Nick and Joan have been serving breakfast and lunch at their Place near T.F.Green airport for over 29 years. Known for their meaty slices of real ham cut off the bone and their caring, friendly welcome and service, they also make a delicious, hearty, homemade pea soup, the old-fashioned way, from a stock made from hambone.
Here’s my pea soup recipe, inspired by my favorite Rhode Island airport-neighborhood place. Autumn is a-comin, by gum, and this soup will warm you in the most delightful way.
Split Pea Soup with ham (serves 8)
- 1 tablespoon cooking oil, butter or bacon grease (grease is best, and it won’t kill you, it’s only a wee tablespoon)
- 1 medium onion finely chopped
- 1 large clove minced garlic
- 1 pound dried split green peas
- 2 quarts ham stock made from leftover hambones (cover 1-2 large hambones with 2 quarts water, add a bay leaf, pepper, a garlic clove, 1/2 of an onion, a carrot, a stalk of celery, and simmer on low heat, covered for 2 hours. Strain and refrigerate for up to 48 hours or freeze for up to 6 months)
- 1 tablespoon dried thyme
- 1 bay leaf
- 1-1/2 cups chopped, leftover ham
- celery salt and pepper
- 1 tablespoon cream for garnish (optional, but very tasty and pretty)
- In large stop pot, heat olive oil over medium high heat and sauté onion until wilted. Do not allow onion to brown. Add garlic and stir for 1 minute.
- Sort and rinse peas, then add to the pot. Cover with stock. Add thyme and bay leaf. Simmer, covered, one hour or until peas are fully cooked. If soup gets too thick and pasty, add some water.
- Puree half the soup with an immersion blender, food processor or drink blender and return to the pot to re-warm. Add the ham.
- Season to taste with celery salt and pepper.
- Ladle into bowls and drizzle with cream. Serve with grilled cheese on rye bread and some veggie sticks to make a hearty meal. For a drink pairing, try a malty assam tea (Irish breakfast) or a hoppy ale, such as good old Liberty Ale (the one that started the craft-beer revolution in 1975).
What’s your favorite autumn soup? (If you have a recipe on your blog, please feel free to post your link).
16 thoughts on “Hambone, Hambone, Pea Soup (inspired by Nick and Joan's Place)”
Bone-in ham: yum!!! 🙂
We stopped at Nick & Joan’s for lunch yesterday–sat at the counter and Ken made up his own sandwich, which Nick was happy to provide for him. Ham sliced off the bone, grilled, topped with white American, served on a toasted Kaiser roll with mayo, lettuce & fresh tomato. It was definitely yum! 🙂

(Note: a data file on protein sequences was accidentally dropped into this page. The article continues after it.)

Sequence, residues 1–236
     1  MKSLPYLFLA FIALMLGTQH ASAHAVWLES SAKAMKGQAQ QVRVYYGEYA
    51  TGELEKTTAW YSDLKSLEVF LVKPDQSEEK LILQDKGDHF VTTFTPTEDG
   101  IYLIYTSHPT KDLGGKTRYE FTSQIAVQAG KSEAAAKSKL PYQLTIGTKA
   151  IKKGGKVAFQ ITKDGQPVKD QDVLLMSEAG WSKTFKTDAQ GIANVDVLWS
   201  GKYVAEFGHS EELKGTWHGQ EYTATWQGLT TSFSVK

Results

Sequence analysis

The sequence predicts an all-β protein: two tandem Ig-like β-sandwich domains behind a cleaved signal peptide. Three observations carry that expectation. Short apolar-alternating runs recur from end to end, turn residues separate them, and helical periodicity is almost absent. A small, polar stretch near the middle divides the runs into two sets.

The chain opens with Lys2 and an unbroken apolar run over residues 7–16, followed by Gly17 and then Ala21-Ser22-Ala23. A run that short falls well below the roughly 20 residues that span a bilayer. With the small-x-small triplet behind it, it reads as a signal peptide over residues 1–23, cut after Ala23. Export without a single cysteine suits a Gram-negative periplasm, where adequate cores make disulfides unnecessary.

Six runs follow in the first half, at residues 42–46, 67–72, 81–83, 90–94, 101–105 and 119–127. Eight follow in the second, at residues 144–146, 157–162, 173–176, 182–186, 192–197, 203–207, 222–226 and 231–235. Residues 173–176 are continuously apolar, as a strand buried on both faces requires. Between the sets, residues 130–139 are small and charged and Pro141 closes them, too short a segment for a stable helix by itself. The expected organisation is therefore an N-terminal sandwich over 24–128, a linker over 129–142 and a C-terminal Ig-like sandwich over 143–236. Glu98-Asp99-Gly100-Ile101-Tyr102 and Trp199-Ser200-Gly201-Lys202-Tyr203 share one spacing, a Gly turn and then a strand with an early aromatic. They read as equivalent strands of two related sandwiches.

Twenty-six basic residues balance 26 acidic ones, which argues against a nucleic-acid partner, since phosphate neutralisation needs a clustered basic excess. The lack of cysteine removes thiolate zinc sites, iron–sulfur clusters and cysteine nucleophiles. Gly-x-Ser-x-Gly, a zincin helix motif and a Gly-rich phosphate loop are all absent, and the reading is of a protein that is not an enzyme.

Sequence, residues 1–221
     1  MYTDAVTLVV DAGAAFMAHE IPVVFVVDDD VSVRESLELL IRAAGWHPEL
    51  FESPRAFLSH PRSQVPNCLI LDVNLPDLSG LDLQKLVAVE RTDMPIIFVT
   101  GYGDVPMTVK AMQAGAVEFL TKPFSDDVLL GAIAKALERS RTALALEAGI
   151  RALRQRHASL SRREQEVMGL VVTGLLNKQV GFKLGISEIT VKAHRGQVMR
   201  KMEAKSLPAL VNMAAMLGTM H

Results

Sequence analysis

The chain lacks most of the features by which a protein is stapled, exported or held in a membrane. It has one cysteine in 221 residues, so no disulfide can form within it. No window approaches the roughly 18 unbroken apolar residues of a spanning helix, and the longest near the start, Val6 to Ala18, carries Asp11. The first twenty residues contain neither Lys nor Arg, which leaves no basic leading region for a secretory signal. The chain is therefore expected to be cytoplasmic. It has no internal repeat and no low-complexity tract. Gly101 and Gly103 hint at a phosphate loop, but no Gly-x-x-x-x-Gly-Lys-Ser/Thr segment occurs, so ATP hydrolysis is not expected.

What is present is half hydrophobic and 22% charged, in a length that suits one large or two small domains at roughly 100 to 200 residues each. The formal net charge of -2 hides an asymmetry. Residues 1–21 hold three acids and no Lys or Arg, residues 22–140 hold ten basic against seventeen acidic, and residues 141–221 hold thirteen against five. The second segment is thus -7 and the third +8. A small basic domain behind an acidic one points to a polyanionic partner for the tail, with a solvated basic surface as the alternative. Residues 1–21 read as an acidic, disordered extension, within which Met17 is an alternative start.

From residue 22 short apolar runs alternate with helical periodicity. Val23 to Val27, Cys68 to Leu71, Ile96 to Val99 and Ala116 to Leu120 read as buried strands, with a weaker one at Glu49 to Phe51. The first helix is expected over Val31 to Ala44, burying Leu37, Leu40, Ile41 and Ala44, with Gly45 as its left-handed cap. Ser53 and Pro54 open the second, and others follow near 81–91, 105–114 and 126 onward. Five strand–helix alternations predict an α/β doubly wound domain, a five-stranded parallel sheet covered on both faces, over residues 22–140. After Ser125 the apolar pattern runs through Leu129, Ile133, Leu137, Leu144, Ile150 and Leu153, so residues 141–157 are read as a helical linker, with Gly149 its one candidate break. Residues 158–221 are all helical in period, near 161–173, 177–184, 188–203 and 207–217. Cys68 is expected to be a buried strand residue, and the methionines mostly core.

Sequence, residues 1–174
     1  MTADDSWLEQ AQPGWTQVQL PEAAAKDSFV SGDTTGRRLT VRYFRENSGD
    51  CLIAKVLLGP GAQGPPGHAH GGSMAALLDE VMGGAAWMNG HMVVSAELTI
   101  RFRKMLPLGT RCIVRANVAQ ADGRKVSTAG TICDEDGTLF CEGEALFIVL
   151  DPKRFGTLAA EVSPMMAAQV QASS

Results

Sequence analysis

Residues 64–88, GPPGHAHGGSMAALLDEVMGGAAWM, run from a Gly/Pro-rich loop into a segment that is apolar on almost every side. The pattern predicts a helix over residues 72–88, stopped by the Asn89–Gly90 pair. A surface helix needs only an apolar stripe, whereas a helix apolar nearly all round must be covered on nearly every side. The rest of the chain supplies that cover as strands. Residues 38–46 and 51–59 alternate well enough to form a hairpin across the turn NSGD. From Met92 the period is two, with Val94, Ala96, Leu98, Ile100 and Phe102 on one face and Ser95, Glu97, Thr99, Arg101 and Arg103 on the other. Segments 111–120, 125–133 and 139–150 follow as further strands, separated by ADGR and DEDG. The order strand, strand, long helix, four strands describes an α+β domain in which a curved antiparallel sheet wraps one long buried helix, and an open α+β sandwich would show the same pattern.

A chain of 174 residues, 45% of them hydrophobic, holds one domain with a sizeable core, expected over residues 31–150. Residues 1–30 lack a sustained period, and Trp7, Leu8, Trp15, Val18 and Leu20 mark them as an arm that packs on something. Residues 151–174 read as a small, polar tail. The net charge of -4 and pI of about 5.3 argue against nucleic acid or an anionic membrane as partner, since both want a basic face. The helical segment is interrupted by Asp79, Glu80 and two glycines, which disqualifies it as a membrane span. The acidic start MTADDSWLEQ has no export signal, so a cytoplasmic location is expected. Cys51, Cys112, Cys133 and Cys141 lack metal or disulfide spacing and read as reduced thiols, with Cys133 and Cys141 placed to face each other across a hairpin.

Oh yeah!!! All diets are off when there’s a REAL hambone soup present! This just has me salivating…
I know, I can’t resist it either. But it’s mostly healthy, so I never feel guilty about eating it now and then. 🙂
Always looking for a good split pea and ham soup! This one looks good and easy!!
Thanks for peeking in, Melissa. And yes, it is fairly easy although somewhat time consuming.
It’s possible to shorten the time by substituting low-salt chicken broth for the ham stock.
I grew up on pea soup. Unfortunately it was that dreadful stuff in a can that my mother insisted on serving. It was a revelation when I grew up and discovered real pea soup. This looks delicious. I can’t wait to try it.
Here’s my current autumn favorite. It’s a favorite because I’m busy and this is really simple (as well as good). http://foodandwineaesthetics.com/2013/09/05/recipe-simple-white-bean-and-garlic-soup/
Thanks Dwight–and I’m looking forward to making your soup very soon. It sounds perfect for supper on a chilly weekday evening.
Pea soup and hearty ale sounds like a perfect fall meal.
I love pea soup!!! 🙂 I like pumpkin soup too. Here is a link to my recipe http://florastable.com/2012/10/23/pumpkin-soup/
Have a wonderful Sunday, Tracy!
You, too, Francesa! 🙂
Thank you for the recipe. I’m looking forward to trying it!
Could the Ham be substituted by chicken? The consistence of the meats is so different, I remain unsure.
It would be different, but on could use chicken broth and substitute smoked chicken, or tandoori chicken for the ham, and use cilantro instead of thyme. It would be very tasty, I think–but, it wouldn’t taste the same.
I love pea soup when the weather turns cold 🙂
This season always gets me thinking contented soup-y thoughts. 🙂